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1. Comparing ICD-9 to ICD-10, Code Structure and Organization
Last week we provided an overview of ICD-10 and ran through some of the new features of the codeset. This week, let’s take a little bit deeper look at how ICD-10 differs from ICD-9, and how the new codes are organized.
Expansion of Codes
Last week we discussed how ICD-10-CM allows for a greater level of specificity and clinical detail. One of ICD-9’s issues is that some chapters are full and, thus were limited in the ability to add new codes. Because ICD-10 codes have increased in character length, the number of codes available for use has been greatly expanded. The biggest difference between the two code structures is that ICD-9 had 14,4000 codes, while ICD-10 contains over 69,823. ICD-10 codes consists of three to seven characters, while ICD-9 contained three to five digits.
- 14,400 codes in ICD-9-CM to over 69,823 in ICD-10-CM
- 34,250 (50%) of all ICD-10 codes are related to the musculoskeletal systems
- 17,045 (25%) of all ICD-10 codes are related to fractures
- 10,582 (62%) of these fracture codes distinguish “right” from “left
- ~25,000 (36%) of all ICD-10 codes distinguish “right” from “left”
Code Structure: Comparing ICD-9 to ICD-10
|Consists of three to five digits||Consists of three to seven characters|
|First character is numeric or alpha ( E or V)||First character is alpha|
|Second, Third, Fourth and Fifth digits are numeric||All letters used except U|
|Always at least three digits||Character 2 always numeric; 3 through 7 can be alpha or numeric|
|Decimal placed after the first three digits||Decimal placed after the first three characters|
|Alpha characters are not case-sensitive||Alpha characters are not case sensitive|
ICD-10-CM codes may consist of up to seven characters, with seventh character representing visit encounter or sequelae for injuries and external causes.
Diagnosis Code Structure
ICD-10 codes are organized differently than ICD-9 codes. For example:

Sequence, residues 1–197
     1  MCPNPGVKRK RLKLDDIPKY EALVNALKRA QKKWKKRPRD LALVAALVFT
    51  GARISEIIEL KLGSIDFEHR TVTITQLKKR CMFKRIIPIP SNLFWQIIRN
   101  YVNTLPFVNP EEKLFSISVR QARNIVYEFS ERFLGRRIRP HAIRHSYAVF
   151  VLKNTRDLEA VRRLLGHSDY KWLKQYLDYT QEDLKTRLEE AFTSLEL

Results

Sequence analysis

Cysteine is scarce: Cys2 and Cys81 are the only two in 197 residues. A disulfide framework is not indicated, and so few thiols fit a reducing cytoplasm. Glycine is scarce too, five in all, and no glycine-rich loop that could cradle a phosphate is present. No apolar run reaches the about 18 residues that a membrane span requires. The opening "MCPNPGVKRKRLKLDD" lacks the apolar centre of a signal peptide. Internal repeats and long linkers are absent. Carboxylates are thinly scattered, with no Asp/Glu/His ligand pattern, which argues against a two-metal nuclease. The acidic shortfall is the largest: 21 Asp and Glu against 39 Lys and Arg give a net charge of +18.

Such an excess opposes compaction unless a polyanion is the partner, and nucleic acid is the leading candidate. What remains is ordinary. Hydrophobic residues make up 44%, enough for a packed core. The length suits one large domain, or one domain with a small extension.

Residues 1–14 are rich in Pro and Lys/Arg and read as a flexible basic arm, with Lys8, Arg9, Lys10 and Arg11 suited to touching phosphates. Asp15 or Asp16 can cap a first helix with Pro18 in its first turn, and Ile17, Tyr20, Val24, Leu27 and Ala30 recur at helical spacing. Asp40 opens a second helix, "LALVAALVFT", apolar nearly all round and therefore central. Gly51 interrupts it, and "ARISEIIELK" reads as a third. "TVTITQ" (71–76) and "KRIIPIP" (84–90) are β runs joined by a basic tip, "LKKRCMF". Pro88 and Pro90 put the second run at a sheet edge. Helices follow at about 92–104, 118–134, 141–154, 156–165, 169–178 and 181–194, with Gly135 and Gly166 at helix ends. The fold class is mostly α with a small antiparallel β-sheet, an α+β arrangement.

- Sense organs are separated from nervous system disorders
- Injuries are grouped by anatomical site rather than injury category
- Post-operative complications have been moved to the procedure-specific body system chapter
- Disease type
- Disease acuity
- Disease stage
- Site specificity
- Missing combination code detail
- Changes in timeframes associated with familiar codes
Examples of Specificity
- S72.044G Nondisplaced fracture of base of neck of right femur, subsequent encounter for closed fracture with delayed healing
- I69.351 Sequelae of cerebral infarction, hemiplegia and hemiparesis following cerebral infarction affecting right dominant side
- T43.621S Poisoning by amphetamines, accidental (unintentional), sequela
- M80.011A Age-related osteoporosis with current pathological fracture, right shoulder, initial encounter for fracture
Seventh Character Determination
- Initial vs. subsequent encounter vs. sequela Injuries
- Poisoning, adverse effects, and underdosing
- Most external cause codes (except for place of occurrence, activity or status)
Seventh characters for the initial encounter are used while the patient is receiving active treatment for the condition. For example, surgical treatment, emergency department encounter, and evaluation and continuing treatment by the same or a different provider or physician. While the patient may be seen by a new or a different provider or physician over the course of a treatment of an injury, assignment of the seventh character is based on whether the patient is undergoing active treatment and not whether the provider is seeing the patient for the first time.
The seventh characters for the subsequent encounter are used after the patient has received treatment for the condition and is receiving routine care for the condition during the healing or recovery phase. For example, cast change or removal, an x-ray to check the healing status of a fracture, the removal of an external or internal fixation device, medication adjustment, or other aftercare and followup visits following treatment of the condition.
The seventh character, S, for sequela, is for use for complications or conditions that arise as a result of a condition, such as scar formation after a burn. Scars are sequela of the burn. When using the seventh character, S, it is necessary to use both the injury code that precipitated the sequela and the code for the sequela itself. The S identifies the injury responsible for the sequela and is added only to the injury code, not the sequela code. The specific type of sequela, scar, is sequenced first, followed by the injury code.
The aftercare Z codes should not be used for aftercare for conditions such as injuries or poisonings where the seventh character is provided to identify subsequent cases. For example, for aftercare of injury, assign the acute care injury code with the appropriate seventh character for the subsequent encounter.